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WAYS & MEANS

Why Stop Now?

A clean environment is every citizen’s right

By Carl Pope

On February 3, in Columbus, Ohio, your right to breathe clean air went on trial. The legal question was narrow—whether FirstEnergy Corporation had illegally failed to install modern pollution controls when it rebuilt its Sammis power plant in the mid-1980s. The broader issue, however, is the essential environmental-policy question facing the American people: Now that we’ve solved the technological problems, are we going to finish the job of protecting all of America’s air, water, and land? Or are we going to stop short and accept the permanent environmental degradation of our nation?

Days before the Sammis trial opened, President Bush delivered an inclusive State of the Union message. He endorsed "affordable health care for all Americans" and protection against terrorism for "all our citizens." Our fundamental environmental laws contain a similar promise: that all Americans will get the same deal, that life will become healthier for everyone. Under the Clean Air Act, passed in 1970, every new industrial facility has to be equipped with modern pollution-control technology. Older plants are allowed to delay cleanup until they expand and increase emissions, a dispensation that many, like Sammis, have tried to turn into a permanent loophole.

Likewise, the 1972 Clean Water Act promised that all of our lakes, rivers, and streams would be fishable and swimmable. At the time it passed, about two-thirds were not; since then we have cleaned up one third, and have another third left to go. (When I grew up in suburban Washington, D.C., if you fell into the Potomac River, you needed a tetanus shot. Today if you fall in at the same spot, you might startle a beaver.)

Despite his inclusive rhetoric, the upshot of President Bush’s environmental proposals is that only some Americans get clean air, clean water, and safe communities. His administration is rewriting the regulations that Sammis violated, so that in the future old power plants would never have to cut their pollution. Bush has also refused to renew the tax on toxic-waste polluters, the main funding source for the cleanup of abandoned Superfund sites—tough luck for those living nearby. The Bush budget slashes funding for clean-water programs, effectively placing the burden of enforcement on legal action brought by groups like the Sierra Club. (If some of Bush’s extremist judicial nominees get their way, though, the Club would be limited in its ability to file suit on behalf of its members in many cases.) The administration has also proposed removing federal protection from 60 percent of the nation’s wetlands, for no reason other than that they lie within individual states and are not connected to interstate waterways. The White House is eager to stand up for preserving "one nation, under God" in the Pledge of Allegiance, but in the field of environmental regulation, "one nation" is getting short shrift.

If the federal government is no longer going to guarantee equal environmental protection, how will protection be provided? The Bush administration proposes leaving environmental decisions to the market and to individual states. (Unless, of course, states want to improve protection—witness the administration’s opposition to California’s attempts to regulate greenhouse-gas emissions from cars and SUVs.) Under Bush’s "Clear Skies" proposal, for example, a power plant in Wisconsin that cleans up can sell its foregone pollution to a plant in Mississippi, which can become dirtier. The marketplace works its magic, and more Mississippians die.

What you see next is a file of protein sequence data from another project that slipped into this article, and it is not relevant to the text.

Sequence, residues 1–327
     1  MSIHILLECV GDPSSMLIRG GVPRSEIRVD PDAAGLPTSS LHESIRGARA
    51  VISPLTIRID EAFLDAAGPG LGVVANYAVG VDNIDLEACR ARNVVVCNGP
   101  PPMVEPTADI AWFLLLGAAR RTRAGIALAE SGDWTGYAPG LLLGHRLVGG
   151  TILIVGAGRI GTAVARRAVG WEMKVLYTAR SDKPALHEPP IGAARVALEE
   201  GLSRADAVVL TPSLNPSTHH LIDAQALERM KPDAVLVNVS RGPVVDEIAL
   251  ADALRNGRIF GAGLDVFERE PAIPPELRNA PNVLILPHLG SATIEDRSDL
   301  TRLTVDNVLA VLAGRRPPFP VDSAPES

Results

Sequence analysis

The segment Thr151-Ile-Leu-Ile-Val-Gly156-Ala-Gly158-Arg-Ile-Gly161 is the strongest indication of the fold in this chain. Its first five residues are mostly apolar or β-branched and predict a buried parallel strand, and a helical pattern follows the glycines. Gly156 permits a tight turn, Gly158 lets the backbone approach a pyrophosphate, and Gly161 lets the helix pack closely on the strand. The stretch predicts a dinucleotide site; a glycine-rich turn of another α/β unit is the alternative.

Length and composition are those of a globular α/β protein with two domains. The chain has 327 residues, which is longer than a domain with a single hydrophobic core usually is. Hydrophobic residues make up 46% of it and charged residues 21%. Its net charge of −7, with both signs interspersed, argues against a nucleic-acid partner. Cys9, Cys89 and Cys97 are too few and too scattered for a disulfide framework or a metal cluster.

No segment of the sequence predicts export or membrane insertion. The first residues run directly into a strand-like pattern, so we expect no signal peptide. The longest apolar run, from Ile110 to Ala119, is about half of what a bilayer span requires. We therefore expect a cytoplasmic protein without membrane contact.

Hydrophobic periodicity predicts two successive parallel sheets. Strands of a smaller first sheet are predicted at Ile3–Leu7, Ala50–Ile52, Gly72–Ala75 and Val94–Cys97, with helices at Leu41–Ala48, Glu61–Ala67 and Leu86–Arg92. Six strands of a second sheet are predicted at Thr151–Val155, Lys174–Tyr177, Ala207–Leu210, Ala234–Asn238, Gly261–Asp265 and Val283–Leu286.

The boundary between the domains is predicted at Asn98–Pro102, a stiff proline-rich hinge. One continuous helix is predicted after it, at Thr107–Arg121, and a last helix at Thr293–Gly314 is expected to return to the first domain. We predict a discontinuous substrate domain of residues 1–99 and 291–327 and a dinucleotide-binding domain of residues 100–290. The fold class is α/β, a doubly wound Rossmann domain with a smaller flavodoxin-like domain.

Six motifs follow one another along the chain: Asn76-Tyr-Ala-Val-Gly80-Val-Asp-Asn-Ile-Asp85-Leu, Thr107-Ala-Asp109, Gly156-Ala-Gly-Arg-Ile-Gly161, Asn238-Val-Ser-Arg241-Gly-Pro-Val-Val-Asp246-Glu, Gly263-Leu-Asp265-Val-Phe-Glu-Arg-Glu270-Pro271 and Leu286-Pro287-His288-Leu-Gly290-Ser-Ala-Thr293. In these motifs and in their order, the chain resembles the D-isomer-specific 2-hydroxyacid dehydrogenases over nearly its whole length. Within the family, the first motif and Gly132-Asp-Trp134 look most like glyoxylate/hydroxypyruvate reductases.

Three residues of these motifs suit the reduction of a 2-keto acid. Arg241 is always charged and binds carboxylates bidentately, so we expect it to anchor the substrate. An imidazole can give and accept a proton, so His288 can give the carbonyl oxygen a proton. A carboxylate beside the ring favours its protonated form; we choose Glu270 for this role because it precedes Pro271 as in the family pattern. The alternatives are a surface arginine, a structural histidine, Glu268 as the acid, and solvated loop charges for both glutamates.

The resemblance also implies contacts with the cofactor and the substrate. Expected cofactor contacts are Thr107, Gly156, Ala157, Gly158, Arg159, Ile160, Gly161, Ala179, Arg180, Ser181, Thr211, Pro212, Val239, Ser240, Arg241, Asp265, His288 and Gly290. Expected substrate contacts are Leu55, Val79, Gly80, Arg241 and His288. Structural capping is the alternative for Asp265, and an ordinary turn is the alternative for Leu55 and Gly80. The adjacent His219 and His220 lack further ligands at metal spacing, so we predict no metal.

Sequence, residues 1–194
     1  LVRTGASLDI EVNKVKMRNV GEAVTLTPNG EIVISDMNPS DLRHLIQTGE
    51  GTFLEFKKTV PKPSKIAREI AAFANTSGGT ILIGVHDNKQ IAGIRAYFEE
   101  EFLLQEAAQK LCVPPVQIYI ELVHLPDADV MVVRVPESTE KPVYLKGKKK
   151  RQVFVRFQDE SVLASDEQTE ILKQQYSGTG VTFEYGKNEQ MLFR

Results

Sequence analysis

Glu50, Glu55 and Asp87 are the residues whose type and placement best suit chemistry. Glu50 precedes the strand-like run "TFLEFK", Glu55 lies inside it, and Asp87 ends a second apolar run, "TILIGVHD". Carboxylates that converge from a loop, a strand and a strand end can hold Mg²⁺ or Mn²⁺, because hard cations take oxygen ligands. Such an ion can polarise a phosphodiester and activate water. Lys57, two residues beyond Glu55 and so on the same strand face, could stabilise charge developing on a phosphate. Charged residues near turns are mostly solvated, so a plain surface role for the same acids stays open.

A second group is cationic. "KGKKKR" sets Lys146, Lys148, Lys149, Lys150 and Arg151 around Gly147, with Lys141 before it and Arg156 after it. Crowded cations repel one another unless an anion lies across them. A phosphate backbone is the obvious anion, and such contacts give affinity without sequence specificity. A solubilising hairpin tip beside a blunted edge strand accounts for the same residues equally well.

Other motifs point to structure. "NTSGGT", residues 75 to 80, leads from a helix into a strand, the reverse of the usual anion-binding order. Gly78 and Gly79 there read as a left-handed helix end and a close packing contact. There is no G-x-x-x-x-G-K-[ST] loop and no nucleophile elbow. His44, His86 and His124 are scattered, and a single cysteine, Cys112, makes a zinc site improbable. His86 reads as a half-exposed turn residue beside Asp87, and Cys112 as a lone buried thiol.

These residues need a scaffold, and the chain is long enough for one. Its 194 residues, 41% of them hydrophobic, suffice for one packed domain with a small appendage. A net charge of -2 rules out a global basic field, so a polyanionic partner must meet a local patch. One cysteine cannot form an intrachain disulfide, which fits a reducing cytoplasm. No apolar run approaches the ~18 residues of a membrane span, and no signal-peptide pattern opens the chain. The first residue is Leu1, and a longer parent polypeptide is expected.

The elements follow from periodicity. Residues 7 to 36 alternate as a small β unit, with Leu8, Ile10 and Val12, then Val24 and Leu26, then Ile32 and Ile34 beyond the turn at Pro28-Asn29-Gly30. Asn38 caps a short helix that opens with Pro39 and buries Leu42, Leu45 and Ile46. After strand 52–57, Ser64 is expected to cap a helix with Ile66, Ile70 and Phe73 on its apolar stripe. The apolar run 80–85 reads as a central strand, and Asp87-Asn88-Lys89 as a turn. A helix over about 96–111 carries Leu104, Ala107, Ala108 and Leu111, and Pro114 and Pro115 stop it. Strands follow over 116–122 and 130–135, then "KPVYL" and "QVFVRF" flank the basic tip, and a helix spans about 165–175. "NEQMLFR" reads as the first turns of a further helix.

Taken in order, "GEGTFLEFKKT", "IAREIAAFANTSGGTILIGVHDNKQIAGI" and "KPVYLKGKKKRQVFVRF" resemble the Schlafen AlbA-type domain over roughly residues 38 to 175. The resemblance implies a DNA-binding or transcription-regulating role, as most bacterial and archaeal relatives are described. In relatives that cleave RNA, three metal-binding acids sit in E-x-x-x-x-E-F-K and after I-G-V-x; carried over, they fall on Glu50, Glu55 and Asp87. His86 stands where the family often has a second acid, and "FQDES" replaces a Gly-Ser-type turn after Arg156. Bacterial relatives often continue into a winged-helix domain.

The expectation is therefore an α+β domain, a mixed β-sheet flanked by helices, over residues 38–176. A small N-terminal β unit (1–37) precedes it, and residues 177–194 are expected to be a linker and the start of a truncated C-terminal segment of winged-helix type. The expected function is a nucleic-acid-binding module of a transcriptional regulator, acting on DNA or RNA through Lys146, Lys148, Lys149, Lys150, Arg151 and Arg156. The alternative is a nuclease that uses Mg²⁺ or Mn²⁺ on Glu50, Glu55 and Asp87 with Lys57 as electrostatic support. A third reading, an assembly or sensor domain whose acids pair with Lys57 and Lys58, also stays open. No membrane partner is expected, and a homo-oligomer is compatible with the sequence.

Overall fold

The Bush administration is trying to sell its policy of unequal environmental protection by getting us to ask the wrong questions: "How much arsenic can we tolerate?" instead of "Why should we have arsenic in our water at all?" "How many power plants should remain antiquated?" instead of "Why should any power plants pollute?"

Debating environmental protection on Bush’s terms is obviously a losing proposition. Instead, we need to remind our friends and neighbors that the principle of basic rights for all was decided 135 years ago with the 14th Amendment. We wrote the concept of equal protection into the Constitution; 30 years ago we added to our concept of basic rights a healthy environment. We decided that this country had the technology, the know-how, the pride, and the compassion to insist that all the air and all the water in every community be safe.

Now the Bush administration is going back to the past, arguing for states’ rights all over again, and using them to justify environmental inequality. Secretary of the Interior Norton got herself trouble in 1996 by suggesting that the wrong side had won the Civil War—that the Confederacy had a good cause, but "bad facts." She spent a lot of time explaining that she really hadn’t meant to defend slavery, only states’ rights. But the version of states’ rights she and the Bush administration champion is one that would make decent environmental quality a privilege of the fortunate, not a right of every American. If we fall into the trap of accepting the premise of separate but unequal environmental rights, we will spend the next decades in despairing debate about how far back into the past we want to slide. The alternative is to decide that it’s time to roll up our sleeves and finish the job we started 140 years ago with the Civil War, and 30 years ago with Earth Day.


Carl Pope is the executive director of the Sierra Club. He can be reached by e-mail at carl.pope@sierraclub.org.

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